İpek Duben: They/Onlar

Virginia Whiles , Art Monthly, 7 May 2017

İpek Duben is surely the Grande Dame of the Turkish art World: a feminist activist artist of 75 who is still producing provocative work in a career spanning four decades. Showing all over the world, formerly as a painter, always a writer, her practice today involves artists’ books, video and installation. Highly articulate, she recounts Turkish history in a measured tone that gradually divulges an impassioned critique, not only of former bloody purges leading up to the current oppressive regime of President Erdoğan, but also of the left opposition: ‘ He did not gain, we lost … we have to look at ourselves.’ This is the question raised by the exhibition ‘ They/Onlar ’ : to examine the dilemma of Turkish cultural identity from the inside.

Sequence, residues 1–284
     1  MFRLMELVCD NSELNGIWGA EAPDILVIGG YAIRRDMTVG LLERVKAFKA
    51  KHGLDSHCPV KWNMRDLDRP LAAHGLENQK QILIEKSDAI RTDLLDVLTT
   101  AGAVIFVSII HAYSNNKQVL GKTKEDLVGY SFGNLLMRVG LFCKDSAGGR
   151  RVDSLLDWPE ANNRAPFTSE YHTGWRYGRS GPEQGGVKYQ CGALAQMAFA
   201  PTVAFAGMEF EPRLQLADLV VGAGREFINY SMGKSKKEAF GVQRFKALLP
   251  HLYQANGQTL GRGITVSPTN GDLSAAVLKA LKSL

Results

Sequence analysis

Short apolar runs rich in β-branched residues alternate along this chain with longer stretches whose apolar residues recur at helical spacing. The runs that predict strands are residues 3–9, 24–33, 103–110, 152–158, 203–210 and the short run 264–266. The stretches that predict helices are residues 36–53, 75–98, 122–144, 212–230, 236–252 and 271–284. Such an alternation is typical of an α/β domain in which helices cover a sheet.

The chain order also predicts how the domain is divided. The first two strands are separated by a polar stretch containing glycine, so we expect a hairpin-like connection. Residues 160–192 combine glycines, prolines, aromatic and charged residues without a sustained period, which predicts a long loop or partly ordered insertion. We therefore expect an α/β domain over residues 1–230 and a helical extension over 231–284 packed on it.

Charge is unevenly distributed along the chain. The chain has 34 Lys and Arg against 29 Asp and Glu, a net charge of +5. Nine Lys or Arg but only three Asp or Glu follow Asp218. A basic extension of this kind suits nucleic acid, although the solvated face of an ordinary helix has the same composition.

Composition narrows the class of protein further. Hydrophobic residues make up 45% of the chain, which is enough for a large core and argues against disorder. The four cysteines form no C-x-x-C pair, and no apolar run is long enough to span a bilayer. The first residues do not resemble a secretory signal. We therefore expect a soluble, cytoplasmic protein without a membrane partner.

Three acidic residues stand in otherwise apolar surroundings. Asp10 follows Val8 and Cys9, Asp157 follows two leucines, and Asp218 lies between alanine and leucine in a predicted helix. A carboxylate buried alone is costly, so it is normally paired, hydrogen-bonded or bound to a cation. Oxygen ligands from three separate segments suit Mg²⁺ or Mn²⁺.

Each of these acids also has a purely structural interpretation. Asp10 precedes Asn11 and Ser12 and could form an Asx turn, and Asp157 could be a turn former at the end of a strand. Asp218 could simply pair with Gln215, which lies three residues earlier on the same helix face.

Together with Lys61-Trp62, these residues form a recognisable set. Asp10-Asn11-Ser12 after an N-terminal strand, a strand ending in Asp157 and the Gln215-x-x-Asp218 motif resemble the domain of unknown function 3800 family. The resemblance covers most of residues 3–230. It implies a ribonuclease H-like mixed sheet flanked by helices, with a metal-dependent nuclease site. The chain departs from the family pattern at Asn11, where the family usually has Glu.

The outside image of the Turk has long been manipulated in western literature as the perfect puppet of the other – from Shakespear to Rudyard Kipling to the EU’s stooge – but Turkey has its own ‘others’ and the internal divisions between its multi-ethnic cultures are equally discriminatory. Alevis are banned, Kurdish songs are forbidden, LGBT people are hounded, patriarchy and populism rule. Despite public opposition to hosting three million Syrian refugees, Erdoğan has 60% support for his domestic polices. Whereas Duben’s last work considered what it is to be Turkish from her own perspective, in this installation victims of religious, ethnic or gender persecution have been invited by Duben to recount their experiences to the spectator, with the hope of inviting us ‘to examine ourselves in our context, to listen, to understand to be generous rather than threatened by the Other’.